Then, you have to let him go and move on to the hunky guy that will live in your next book. What does that make me? A die hard romantic? Serial swooner? Hopefully both. 🙂
If you come to my house at two in the afternoon, I will probably still be in my pajamas. I won’t have combed my hair and I probably haven’t been out of the bed very long.
I am not lazy. I do have a job. I am a writer.
Sometimes, I write all night and can still get up and do all the things that normal people do, but that won’t be the day that you come to visit. The day you come visit me, I will have stayed up till dawn, slept two hours, and then managed to make it to the coffee pot before hitting the sofa to do it again.
I know not all writers have this crazy existence, but a lot of us do.
When I was in the sixth grade, we had a substitute teacher for about three days. My regular teacher failed to leave any kind of lesson plan for the substitute, so she was left trying to do something to keep twenty-five eleven and twelve-year-olds busy. This smart lady brought Stephen King’s “It” to class and read it aloud.
It was both the beginning and the end. It was the beginning of a lifelong love of reading and writing and all things Stephen King. It was the end of my doing any reading assignments that involved anything less than what I considered to be the equivalent of that book.
I outright refused to waste my time reading articles or books in which I was not interested, to the dismay of my parents and teachers. I would spend my time reading the books that were considered fringe for my age and my grades could just suffer.
Until I was in the tenth grade and met Mr. Edward Rochester. Oh, how a few years can change things!
I am in no way a doctor or nutritionist or therapist of any kind. Just FYI up front. This information is from personal experience and I feel that I should share what I’ve learned for those of you who may be struggling with this issue.
I see that many of my fellow writers struggle with anxiety and depression. I wanted to share something and if it helps even one person to feel better, then I will have done the right thing in doing so.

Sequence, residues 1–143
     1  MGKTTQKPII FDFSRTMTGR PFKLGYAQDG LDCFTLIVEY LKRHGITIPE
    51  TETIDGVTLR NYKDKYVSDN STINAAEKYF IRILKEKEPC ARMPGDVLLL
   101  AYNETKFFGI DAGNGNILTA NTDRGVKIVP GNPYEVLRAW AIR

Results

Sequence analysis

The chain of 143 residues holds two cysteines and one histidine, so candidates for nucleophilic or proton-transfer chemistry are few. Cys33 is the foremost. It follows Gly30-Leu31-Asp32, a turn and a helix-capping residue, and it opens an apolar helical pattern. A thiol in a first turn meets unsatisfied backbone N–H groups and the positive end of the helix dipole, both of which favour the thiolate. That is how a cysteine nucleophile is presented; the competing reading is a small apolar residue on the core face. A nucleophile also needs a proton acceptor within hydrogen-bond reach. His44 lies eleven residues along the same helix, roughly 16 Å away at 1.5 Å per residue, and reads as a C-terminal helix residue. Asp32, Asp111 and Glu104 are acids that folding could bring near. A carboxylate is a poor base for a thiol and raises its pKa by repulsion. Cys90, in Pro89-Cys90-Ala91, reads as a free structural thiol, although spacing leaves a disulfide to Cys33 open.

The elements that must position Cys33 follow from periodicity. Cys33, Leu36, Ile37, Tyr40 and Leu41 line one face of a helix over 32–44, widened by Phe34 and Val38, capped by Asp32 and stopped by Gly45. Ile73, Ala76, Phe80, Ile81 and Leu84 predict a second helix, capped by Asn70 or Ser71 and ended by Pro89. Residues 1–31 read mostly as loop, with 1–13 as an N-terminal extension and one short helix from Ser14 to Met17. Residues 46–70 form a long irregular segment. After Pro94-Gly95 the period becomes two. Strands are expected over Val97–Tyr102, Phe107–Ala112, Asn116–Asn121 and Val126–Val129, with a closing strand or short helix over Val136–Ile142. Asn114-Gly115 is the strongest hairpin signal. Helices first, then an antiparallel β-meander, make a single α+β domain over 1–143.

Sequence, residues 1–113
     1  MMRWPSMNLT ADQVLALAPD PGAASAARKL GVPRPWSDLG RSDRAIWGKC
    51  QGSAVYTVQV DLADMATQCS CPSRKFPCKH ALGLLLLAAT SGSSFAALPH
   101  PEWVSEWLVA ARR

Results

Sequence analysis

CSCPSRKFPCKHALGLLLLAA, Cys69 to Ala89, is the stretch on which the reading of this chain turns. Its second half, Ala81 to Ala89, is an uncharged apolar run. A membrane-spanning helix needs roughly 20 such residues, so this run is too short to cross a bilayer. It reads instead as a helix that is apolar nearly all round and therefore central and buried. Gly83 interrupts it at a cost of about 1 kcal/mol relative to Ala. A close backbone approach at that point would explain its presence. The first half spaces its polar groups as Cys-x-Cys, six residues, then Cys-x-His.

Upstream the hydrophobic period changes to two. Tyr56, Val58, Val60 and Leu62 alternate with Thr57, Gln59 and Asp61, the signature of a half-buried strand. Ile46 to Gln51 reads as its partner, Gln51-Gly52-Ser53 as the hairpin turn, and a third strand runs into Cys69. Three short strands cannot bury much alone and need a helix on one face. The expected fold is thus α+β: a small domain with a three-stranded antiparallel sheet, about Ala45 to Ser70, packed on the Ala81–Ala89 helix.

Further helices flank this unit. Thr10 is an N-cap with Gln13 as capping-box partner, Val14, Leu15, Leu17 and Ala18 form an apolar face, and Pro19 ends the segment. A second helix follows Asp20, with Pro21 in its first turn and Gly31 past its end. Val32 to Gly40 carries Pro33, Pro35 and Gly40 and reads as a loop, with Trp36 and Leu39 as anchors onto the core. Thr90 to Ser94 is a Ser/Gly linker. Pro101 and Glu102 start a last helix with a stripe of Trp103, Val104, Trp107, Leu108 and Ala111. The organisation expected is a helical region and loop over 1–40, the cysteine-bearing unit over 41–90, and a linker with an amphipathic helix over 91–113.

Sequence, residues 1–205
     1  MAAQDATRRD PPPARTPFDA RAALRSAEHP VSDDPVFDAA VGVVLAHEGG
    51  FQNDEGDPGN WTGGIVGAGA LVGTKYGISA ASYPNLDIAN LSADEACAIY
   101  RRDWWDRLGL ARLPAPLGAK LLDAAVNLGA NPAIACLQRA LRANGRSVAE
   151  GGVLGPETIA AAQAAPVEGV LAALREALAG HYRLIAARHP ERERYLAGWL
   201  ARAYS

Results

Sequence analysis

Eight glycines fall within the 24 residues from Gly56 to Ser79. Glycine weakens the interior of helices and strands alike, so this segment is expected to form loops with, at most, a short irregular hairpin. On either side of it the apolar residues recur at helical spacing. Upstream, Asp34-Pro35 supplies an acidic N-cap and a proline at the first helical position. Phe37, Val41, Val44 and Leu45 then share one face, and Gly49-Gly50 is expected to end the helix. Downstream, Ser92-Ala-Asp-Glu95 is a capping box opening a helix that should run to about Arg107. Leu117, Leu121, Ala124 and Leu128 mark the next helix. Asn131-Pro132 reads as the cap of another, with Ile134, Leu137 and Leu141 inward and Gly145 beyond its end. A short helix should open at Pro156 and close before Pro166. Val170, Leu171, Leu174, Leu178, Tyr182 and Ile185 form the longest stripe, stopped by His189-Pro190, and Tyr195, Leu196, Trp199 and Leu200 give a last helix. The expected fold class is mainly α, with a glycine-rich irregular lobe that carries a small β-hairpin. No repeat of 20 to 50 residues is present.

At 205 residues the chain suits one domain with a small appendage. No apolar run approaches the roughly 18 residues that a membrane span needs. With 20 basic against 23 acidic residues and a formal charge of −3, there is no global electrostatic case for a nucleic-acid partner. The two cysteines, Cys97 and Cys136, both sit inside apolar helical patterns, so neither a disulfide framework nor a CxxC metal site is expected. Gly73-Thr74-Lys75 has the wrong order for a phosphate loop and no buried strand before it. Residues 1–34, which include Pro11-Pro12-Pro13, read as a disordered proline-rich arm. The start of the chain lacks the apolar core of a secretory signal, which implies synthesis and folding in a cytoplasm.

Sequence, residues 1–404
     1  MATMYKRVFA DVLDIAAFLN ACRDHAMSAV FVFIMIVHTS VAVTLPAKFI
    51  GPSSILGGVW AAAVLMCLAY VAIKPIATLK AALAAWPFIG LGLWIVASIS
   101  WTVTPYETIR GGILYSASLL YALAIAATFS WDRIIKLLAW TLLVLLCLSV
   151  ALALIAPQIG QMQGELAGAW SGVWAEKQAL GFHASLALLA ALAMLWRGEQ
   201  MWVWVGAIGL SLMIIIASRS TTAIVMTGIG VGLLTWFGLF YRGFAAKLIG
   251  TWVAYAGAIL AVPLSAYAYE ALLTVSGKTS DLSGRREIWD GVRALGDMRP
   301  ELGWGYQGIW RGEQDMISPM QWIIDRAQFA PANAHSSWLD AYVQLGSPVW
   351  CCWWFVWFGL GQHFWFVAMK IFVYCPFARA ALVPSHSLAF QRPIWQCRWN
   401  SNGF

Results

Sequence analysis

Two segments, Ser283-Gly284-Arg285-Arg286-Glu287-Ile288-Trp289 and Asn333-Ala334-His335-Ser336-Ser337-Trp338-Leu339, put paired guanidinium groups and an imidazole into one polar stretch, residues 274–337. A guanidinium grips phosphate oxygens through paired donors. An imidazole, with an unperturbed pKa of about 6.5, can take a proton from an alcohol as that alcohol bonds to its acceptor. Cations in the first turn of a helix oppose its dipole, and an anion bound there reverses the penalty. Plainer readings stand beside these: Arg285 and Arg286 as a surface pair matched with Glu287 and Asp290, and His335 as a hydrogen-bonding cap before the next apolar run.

A very close friend of mine has struggled with anxiety and depression for years. She has experienced severe panic attacks, stress induced hives, and severe acne. These symptoms were attributed to her anxiety, but there was never any underlying condition given as to what was causing the anxiety.
About two years ago, she developed facial swelling, digestive disturbances, and hives all over her body. Then one morning, she had a severe allergic reaction to cereal. She began to wonder if this was somehow connected to her anxiety because some people who are gluten intolerant also have similar symptoms.
My friend eliminated gluten and later, grain from her diet. She noticed that she had numbing of her mouth when eating nuts and sometimes with shrimp. She visited a specialist and turns out, she did have food allergies. She was also told that the sense of impending doom she always struggled with could be a symptom of an anaphylactic reaction. Scary stuff.
After going on a clean diet, and by that I mean no processed foods or allergens, she is feeling much better. Almost all of her digestive and skin issues subsided. After about a year of clean eating, she has much less anxiety. Changing her diet has been a very helpful way to manage her symptoms.
I’m not saying that this is an answer for everyone, but if you’ve tried other things and they haven’t worked, it could help to try changing your diet as a means to feeling better.